Seems career politicians have found even more problems with term limits. For instance, if you are a longtime incumbent, term limits don’t allow you to pick your successor when you leave office. How terrible. That’s what California Assemblyman Bill Leonard tells us. He should know. He’s been in power since 1978.
In 1988, when he stepped down from the Assembly to run for the Senate, he was able to hand pick his successor, a longtime aide. But last year when he was term-limited out of the California Senate and had to go slinking back to the Assembly, he couldn’t hand pick his successor. You can’t game the system nearly as much when “everyone knows” the seat will be open. So now elections are more open, fairer contests. Darn!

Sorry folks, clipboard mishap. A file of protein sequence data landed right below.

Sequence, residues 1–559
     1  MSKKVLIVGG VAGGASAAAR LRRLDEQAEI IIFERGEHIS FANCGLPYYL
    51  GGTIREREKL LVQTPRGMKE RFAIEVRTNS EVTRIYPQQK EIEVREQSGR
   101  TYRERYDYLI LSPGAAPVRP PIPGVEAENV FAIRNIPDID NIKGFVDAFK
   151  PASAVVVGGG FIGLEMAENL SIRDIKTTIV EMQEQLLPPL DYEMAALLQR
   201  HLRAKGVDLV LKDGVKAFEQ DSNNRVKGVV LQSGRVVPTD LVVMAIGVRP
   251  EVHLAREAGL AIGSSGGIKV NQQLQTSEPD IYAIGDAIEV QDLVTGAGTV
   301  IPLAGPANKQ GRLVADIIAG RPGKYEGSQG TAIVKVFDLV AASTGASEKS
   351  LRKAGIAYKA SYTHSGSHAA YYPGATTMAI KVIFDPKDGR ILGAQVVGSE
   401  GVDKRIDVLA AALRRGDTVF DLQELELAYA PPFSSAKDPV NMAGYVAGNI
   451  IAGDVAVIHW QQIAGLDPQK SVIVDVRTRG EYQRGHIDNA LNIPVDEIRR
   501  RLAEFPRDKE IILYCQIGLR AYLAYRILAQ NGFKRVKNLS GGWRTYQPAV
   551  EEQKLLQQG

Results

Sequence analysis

There are more problems. Leonard agrees with a Portland State University professor who identifies what he calls “instability” in term-limited legislatures. Leonard argues that with all the seats that come open each election and the competition that brings about, “You can have dramatic changes.” Imagine that: Instead of the people having to wait decades for powerful legislators to retire before a public desire for change can be enacted, change could happen every election.
Another terrible result of term limits, according to Leonard, is that campaign spending “is not going to be focused on as few seats.” In other words, once again there is far too much competition, too much ability for voters to make changes, too little ability for powerful politicians to stop them. So there you have it. Politicians don’t like term limits. Film at eleven . . .
This is Common Sense. I’m Paul Jacob.